What is semaglutide?
Semaglutide acts similar to a human glucagon peptide-1 (GLP-1) that works similar to a hormone produced in our body called incretin. Incretin stimulates insulin secretion and sugar metabolism in response to increased glucose levels which usually occurs after meals. Patients with type 2 diabetes are usually at a total loss with incretin production.
In addition to lowering blood sugar levels, Ozempic lowers blood pressure, suppresses appetite and assists in chronic weight management.
It is also used for patients with heart disease and reduces the risk of death from stroke or heart attack.
Semaglutide should be used in combination with a proper diet and regular exercise.
What is Ozempic?
Ozempic is the brand name of semaglutide which is an anti-diabetic (non-insulin) medication used to treat adults with type 2 diabetes and heart disease.
Benefits of using Ozempic include:
- improve glycemic control
- prevents blindness
- prevents kidney damage
- reduce loss of limbs
- reduce loss of sexual function
- prevent cardiovascular complications
It is not intended to be used as a substitute for insulin treatment.
Ozempic is available as a prefilled disposable single-use injectable pen available in either 0.25mg and 1mg increments which is both safe and easy to administer even for those starting out.
USAGE INSTRUCTIONS & STORAGE
How to use Ozempic Injectable Pens
Before using Ozempic, make sure your doctor or pharmacist has instructed you on how to properly administer the medication.
Prior to injection, inspect the product for any discoloration or particles. Do not use it if either are present.
Clean the injection with alcohol and a swab before injection.
Rotate the site of injection to lower the risk of skin complications.
Inject the medication under the skin in the upper arm, thigh or abdomen as directed by your pharmacist, nurse or doctor.
Ozempic is injected once per week. Use a calendar or phone app to keep a consistent dosage schedule.
Your doctor may recommend starting off with a lower dose and gradually increasing over tie to reduce the chance of side effects. This medication can be used with or without meals.
Follow your doctors treatment plan which should include dietary changes and regular exercise. Inform your doctor if your condition does not get better or gets worse.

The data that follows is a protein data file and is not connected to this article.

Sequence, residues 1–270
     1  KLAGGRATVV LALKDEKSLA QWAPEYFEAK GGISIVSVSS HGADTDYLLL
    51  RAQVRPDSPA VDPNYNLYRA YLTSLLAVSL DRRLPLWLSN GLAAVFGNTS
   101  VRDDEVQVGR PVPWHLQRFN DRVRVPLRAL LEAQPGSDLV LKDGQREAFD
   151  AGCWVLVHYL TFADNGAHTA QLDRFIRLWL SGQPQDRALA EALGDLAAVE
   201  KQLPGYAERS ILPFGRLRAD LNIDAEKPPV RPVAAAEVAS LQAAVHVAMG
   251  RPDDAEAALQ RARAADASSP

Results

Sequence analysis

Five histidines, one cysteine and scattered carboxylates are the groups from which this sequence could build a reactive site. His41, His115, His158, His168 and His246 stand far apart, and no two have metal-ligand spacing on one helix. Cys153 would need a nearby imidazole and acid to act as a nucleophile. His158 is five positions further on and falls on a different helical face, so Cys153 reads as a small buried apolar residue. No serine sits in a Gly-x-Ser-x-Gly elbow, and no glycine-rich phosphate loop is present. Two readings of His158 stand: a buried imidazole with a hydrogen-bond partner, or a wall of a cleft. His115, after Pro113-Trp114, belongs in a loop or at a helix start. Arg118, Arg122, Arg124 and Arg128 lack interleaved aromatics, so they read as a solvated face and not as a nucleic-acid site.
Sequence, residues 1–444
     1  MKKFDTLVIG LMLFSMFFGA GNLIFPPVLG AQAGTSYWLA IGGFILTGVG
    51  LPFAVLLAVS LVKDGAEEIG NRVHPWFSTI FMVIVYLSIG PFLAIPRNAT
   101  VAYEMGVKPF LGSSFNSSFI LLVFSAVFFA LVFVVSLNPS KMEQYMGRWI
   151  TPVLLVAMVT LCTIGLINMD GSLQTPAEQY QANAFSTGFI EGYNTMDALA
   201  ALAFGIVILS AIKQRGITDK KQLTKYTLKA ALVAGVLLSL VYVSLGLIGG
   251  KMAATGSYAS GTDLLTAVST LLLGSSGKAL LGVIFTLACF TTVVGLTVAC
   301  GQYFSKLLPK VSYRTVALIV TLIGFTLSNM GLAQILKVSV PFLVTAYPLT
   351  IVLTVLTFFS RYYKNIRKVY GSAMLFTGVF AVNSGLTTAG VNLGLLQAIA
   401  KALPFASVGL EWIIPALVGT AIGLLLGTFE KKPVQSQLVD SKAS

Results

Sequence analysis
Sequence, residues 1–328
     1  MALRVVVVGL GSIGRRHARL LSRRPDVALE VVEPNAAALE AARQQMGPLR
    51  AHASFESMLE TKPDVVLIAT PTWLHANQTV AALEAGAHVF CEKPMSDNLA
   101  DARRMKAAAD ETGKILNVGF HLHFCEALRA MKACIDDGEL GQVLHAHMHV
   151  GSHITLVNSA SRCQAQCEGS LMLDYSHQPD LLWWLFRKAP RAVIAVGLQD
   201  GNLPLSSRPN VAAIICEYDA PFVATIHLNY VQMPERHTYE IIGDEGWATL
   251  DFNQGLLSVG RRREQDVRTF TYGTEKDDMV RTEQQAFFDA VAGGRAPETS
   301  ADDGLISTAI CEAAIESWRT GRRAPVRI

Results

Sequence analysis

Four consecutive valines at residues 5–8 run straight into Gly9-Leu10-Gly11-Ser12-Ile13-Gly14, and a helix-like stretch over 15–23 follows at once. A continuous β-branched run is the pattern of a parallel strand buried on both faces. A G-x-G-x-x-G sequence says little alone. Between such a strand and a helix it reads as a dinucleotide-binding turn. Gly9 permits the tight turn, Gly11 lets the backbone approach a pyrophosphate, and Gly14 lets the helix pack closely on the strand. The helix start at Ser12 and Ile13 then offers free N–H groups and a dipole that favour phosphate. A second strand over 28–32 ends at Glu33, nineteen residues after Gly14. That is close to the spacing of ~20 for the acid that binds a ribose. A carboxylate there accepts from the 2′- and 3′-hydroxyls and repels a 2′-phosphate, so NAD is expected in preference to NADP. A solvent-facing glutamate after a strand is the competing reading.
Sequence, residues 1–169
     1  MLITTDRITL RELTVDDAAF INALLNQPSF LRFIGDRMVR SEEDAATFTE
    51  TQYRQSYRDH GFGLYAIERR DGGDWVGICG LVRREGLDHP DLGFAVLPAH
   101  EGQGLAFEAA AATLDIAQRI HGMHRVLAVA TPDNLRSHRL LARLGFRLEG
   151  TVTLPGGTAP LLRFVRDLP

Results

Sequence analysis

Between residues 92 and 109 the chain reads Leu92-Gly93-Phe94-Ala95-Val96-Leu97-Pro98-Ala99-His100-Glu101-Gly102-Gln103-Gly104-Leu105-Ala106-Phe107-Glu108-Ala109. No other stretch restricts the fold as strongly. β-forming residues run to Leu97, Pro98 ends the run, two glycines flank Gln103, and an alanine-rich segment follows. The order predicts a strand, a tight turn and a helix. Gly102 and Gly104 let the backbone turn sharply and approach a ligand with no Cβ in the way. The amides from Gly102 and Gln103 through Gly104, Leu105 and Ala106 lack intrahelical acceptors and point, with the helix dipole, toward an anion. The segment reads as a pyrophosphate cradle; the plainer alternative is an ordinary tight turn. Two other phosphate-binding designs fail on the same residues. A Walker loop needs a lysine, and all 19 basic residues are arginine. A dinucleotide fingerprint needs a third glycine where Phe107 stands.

How to store Ozempic
Do not use this medication after the expiry date stated on the carton or pen label.
Keep this medication away from children or pets.
- Store in refrigerator between 2°C – 8°C
- Do not freeze
- Keep away from cooling element
- Recommended to store in butter compartment
- During use, Ozempic pen can be kept for 8 weeks in refrigerator between 2-8°C or at temperature below 30°C
- Do not freeze.
When not in use, keep the pen cap on to protect from direct light.
Do not use this medication if it appears colorless or clear.
Do not dispose of medication in trash or down wastewater. Speak to your pharmacist about how to properly dispose of medication not in use to protect the environment.
Like any medication side effects may occur while taking Ozempic. Speak to your doctor or pharmacist about the possible side effects associated with Ozempic and how to minimize the risk of complications.
Very Common Side Effects (may affect more than 1 in 10 patients)
- Nausea (goes away with time)
- Diarrhea (goes away with time)
- Hypoglycemia (warning signs may come on suddenly and include symptoms such as cold sweats, hunger, nausea, headache, cool pale skin, increased heartbeat, changes in vision, anxiety, nervousness, difficulty concentrating, shaking, drowsiness or feeling weak. The hypoglycemia may be caused by sulfonylurea or insulin.
Speak to your doctor or pharmacist on what to do if you are experiencing symptoms of hypoglycemia.
Common Side Effects (may affect up to 1 in 10 patients)
- Hypoglycemia (low blood sugar)
- Stomach Pain
- Gall stones
- Gas (flatulence)
- Weight loss
- Loss of appetite
- Gastritis (inflamed stomach)
- Stomach bloating
- Complications with vision (ie. retinopathy)
- Increased heart rate
Uncommon Side Effects (may affect up to 1 in 100 patients):
- Injection site reactions (ie bruising, itching, rash or pain)
- Increased pulse
- Allergic reaction (ie itching, rash or hives)
Rare Side Effects (may affect up to 1 in 1,000 people):
If you experience a severe allergic reaction such as anaphylaxis (swelling of face, throat, increased heartbeat) seek medical attention immediately.